ON THE COVER: Sixteen-year-old Katie and her cow ‘Chloe’ poise the cover.


Two Swiss Valley Farms

members were among 11

students who received 2007

Iowa Division of Midwest Dairy

Association Educational Program

scholarships, an annual initiative to

assist dairy farm families with college

expenses. MDA awarded $7,000 in

scholarship money to students in

Iowa this year.

The scholarship program has

received an enthusiastic response

from dairy producers. “Not only do

the producers value the dairy-funded

check off programs striving to increase

the demand for dairy products, but

they strongly support the education

of youth with dairy backgrounds,”

said G. Joe Lyon, Midwest Dairy

Association’s Iowa Division chairman.

“This is a way for them to show that


Justin Mardorf, son of Les and

Linda Mardorf of Hopkinton,

attends Iowa State University in


Justin Mardorf

Hopkinton, Iowa

Ames studying agronomy and

natural resources. He is a graduate of

Monticello High School.

Mardorf helps out on his family

dairy farm during school breaks. He

also works as a crop agronomist,

inspecting corn and soybean crops

in eastern Iowa. In the fall, he will

conduct soybean research through an

internship at college. In high school,

Mardorf participated in band, speech

and drama club. He also was involved

with cross country, basketball, football

and golf.

While at college, Mardorf has

been named to the Dean’s List and is

a member of the Dairy Science Club.

He has received All-Academic football

and cross country team awards.

Mardorf plans to be involved

with the planning, developing and

managing of agricultural resources

through a career in natural resources

or agronomy.

Emily Schmitt, daughter of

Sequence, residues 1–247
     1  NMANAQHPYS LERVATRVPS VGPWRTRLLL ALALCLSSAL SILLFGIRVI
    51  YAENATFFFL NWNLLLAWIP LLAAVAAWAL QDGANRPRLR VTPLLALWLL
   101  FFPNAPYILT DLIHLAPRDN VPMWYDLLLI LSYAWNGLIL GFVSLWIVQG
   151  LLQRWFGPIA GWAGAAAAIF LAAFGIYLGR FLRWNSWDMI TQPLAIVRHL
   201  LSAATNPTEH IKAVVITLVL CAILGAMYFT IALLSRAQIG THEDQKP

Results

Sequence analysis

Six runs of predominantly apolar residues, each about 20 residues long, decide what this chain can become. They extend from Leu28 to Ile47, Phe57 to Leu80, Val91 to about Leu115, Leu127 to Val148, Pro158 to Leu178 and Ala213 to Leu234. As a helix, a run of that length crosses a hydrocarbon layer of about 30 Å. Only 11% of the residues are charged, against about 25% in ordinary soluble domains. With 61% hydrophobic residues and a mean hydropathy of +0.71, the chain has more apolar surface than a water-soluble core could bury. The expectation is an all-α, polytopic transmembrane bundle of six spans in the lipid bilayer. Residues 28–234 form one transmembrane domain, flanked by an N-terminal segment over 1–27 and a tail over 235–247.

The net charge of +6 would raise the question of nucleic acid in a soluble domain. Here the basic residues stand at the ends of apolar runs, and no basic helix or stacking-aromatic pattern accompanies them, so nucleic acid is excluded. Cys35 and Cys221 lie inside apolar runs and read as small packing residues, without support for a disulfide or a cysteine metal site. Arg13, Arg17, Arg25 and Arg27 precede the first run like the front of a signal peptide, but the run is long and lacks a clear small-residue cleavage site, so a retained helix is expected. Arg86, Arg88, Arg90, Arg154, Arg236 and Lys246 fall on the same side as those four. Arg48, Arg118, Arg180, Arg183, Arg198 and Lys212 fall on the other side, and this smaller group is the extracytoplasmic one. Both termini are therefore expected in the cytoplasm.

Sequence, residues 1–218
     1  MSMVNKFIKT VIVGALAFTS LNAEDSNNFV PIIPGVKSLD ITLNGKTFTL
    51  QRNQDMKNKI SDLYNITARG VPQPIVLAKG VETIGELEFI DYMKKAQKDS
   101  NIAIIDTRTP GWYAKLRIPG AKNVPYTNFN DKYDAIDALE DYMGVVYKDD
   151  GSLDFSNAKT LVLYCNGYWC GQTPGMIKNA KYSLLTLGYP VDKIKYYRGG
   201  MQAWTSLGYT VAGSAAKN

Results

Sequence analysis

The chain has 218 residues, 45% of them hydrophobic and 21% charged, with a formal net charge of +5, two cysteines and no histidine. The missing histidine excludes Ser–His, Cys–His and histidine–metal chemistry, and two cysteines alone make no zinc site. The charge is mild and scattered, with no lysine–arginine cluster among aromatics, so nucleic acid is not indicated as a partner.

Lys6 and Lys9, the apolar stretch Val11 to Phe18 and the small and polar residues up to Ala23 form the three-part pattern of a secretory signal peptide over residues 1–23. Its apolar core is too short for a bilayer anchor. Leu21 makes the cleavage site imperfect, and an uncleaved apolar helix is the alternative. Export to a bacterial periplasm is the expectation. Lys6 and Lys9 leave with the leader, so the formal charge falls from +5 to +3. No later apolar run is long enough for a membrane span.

Steven and Connie Schmitt, is a

recent graduate of North Fayette

High School, in West Union, Iowa. In

the fall she plans to attend Wartburg

College in Waverly, Iowa, to study

communication arts and education.

Ever since she can remember,

Schmitt has been involved with the

dairy industry. She was active in 4-

H and FFA, judging dairy cattle and

working on her own family’s dairy


In high school, Schmitt was

a cheerleader for basketball and

football, and participated in speech,

band and choir. She served as class

president for four years and was

crowned homecoming queen.

Emily Schmitt

Hawkeye, Iowa

Schmitt intends to find a career

in communications where she can

assist dairy producers and educate




FOR SALE: 2 Registered Holstein

serviceable age bulls. If interested,

call Larry Finch, Castalia, Iowa at


FOR SALE: 2-13’ Round Crib

Roofs with doorways. JD-300

3-row corn picker, has new

elevator chain. If interested, call


FOR SALE: 1499 Haybine. 1000

hours, excellent condition. New

a/c, fenders, guards, flip plates

and sickles ready to go. Asking

$16,000. Call 715-842-7076 if



field staff profile

Ron brenner

meeting farmer needs